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Death Toll Tops 430 From Indonesia Tsunami, Volcano


Police carry a recovered body in the Muntei Baru Baru village on Indonesia's Mentawai islands

Police carry a recovered body in the Muntei Baru Baru village on Indonesia's Mentawai islands

The death toll has risen to more than 430 from the tsunami and volcano disasters that have hit Indonesia.

Officials say hundreds of people are still reported missing after the tsunami wave hit the remote Mentawi islands following a 7.5-magnitude earthquake on October 25, sweeping away villages.

The death toll includes victims from the next day's eruption of Mount Merapi, located some 1,300 kilometers to the east of the tsunami disaster zone in central Java. Reports say those killed in the volcano eruption are believed to include a revered elder who served as the ceremonial guardian of the moutain's spirits.

Indonesia President Susilo Bambang Yudhoyono is visiting the tsunami-hit Pagai island on October 28 to oversee relief efforts.

Yudhoyono returned from an Asian leaders’ summit in the Vietnamese capital Hanoi. Speaking to journalists in Padang, in western Sumatra, he said that the government would continue its emergency relief operations to save lives.

"Firstly, [I will] meet my people who lost their loved ones, secondly [I'll work] to ensure all emergency relief operations are conducted properly. You know that this morning, we also conducted air-drop operations," Yudhoyono said.

A group of surfers, eight Australian and one New Zealander, arrived at a port in Padang on October 27 after their boats, "Midas" and "Freedom III", collided in the aftermath of the tsunami.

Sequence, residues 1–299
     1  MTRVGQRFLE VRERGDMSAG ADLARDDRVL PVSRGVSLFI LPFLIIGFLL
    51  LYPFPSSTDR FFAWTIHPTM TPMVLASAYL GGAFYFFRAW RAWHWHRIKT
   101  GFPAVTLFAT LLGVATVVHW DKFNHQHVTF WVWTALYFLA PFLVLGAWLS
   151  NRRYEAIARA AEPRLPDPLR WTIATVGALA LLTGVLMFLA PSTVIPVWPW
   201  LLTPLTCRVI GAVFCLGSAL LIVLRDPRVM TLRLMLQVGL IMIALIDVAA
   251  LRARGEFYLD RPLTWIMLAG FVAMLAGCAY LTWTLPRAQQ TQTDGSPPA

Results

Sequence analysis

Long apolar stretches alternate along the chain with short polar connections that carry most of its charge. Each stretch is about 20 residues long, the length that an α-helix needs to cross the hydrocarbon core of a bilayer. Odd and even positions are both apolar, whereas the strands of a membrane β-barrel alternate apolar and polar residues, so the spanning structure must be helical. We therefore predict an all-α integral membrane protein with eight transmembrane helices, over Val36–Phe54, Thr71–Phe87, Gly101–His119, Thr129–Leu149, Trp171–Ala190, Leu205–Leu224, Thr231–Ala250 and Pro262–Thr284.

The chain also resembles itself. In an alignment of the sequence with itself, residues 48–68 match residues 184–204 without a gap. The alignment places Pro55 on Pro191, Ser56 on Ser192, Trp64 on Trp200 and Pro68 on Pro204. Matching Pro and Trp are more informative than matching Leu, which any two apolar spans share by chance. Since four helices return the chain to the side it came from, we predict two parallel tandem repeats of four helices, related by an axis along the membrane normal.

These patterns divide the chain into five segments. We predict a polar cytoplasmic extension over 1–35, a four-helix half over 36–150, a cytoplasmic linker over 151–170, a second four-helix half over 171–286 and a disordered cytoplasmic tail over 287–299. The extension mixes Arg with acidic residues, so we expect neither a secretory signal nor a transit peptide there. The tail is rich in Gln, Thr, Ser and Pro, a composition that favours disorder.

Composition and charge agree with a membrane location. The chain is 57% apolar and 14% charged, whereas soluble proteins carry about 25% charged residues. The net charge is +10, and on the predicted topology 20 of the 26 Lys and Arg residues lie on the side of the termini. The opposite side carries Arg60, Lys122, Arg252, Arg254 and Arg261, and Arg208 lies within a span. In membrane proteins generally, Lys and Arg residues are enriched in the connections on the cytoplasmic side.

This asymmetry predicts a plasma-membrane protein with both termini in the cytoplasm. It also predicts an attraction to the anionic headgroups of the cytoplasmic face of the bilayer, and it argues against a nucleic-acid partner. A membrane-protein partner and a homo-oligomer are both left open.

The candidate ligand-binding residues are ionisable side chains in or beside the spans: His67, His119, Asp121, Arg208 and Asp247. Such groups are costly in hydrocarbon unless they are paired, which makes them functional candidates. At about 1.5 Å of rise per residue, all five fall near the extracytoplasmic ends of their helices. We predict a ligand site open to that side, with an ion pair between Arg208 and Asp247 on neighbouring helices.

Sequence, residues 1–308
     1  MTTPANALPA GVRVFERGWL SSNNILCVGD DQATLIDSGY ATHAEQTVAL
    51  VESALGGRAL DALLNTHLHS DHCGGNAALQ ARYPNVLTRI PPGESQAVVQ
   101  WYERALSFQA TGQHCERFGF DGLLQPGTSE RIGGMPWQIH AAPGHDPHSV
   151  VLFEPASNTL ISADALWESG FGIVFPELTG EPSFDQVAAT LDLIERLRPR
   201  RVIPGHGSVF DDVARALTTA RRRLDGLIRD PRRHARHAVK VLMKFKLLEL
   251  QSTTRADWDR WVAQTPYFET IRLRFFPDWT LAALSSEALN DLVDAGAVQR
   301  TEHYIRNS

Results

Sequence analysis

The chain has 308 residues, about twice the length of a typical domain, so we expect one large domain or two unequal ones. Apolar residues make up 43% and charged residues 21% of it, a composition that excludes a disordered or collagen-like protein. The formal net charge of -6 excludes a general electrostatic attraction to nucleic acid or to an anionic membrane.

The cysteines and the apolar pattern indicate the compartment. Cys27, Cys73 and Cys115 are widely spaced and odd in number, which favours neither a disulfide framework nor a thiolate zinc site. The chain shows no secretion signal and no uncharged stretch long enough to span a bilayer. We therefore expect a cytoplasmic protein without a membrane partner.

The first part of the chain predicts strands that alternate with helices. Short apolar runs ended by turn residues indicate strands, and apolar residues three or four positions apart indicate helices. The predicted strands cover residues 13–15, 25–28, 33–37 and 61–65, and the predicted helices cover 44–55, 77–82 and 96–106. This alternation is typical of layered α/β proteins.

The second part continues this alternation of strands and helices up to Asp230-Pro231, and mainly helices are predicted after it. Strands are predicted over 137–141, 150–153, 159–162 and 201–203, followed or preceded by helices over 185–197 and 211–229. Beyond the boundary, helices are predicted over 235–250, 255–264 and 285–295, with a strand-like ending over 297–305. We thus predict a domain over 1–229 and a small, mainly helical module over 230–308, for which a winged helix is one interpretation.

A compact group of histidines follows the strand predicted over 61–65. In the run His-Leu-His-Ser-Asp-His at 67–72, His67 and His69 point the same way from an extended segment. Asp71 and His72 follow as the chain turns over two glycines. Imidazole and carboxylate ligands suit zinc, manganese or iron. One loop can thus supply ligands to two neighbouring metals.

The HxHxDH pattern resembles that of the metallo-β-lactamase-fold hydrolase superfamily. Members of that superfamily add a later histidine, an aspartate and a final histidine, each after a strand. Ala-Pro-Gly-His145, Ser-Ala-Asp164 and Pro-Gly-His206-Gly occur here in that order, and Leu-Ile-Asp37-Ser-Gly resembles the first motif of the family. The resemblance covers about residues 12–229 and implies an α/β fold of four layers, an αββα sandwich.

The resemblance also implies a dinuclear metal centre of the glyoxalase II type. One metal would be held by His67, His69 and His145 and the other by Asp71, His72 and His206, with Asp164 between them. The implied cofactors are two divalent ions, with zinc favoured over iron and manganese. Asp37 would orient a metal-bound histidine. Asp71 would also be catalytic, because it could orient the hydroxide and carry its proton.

The collision caused a fire on "Midas." Awang, assistant captain on the charter boat, "Freedom III," told Reuters, "We anchored 50 meters from the shore and suddenly I saw a very high wave, as high as three to four meters. The other boat hit our boat and it caught fire."

Also today Rob Marino, one of those caught in the boat explosion, left Indonesia in a wheelchair. He recounted how they saved themselves from the high waves.

"So we escaped the boat explosion, and then we were in the water, and then we got washed up into the trees with the tsunami, and then we had to climb trees to avoid drowning. So, pretty traumatic," Marino said.

The quake hit 78 kilometers west of South Pagai, one of the Mentawai islands, late on October 25.

An official with the regional branch of the Department of Fisheries said that most buildings in the coastal village of Betu Monga were destroyed. He added that 80 percent of the houses in the area were damaged and food supplies were low.

The Mount Merapi volcano remains a no-go zone. Though the volcano was calmer than the previous day, authorities kept the area on the highest alert status and told residents to stay away. The eruption left the area under a blanket of volcanic ash.

Many of the evacuees staying in 23 shelters in the area were suffering from breathing problems, eye and skin irritations, and dizziness.

Indonesia sits in the seismically active Pacific ''ring of fire,'' a series of fault lines stretching from the Western Hemisphere through Japan and Southeast Asia.

In December 2004, a tsunami caused by an earthquake of more than 9 magnitude off Sumatra killed more than 226,000 people. It was the deadliest tsunami on record.

with agency reports
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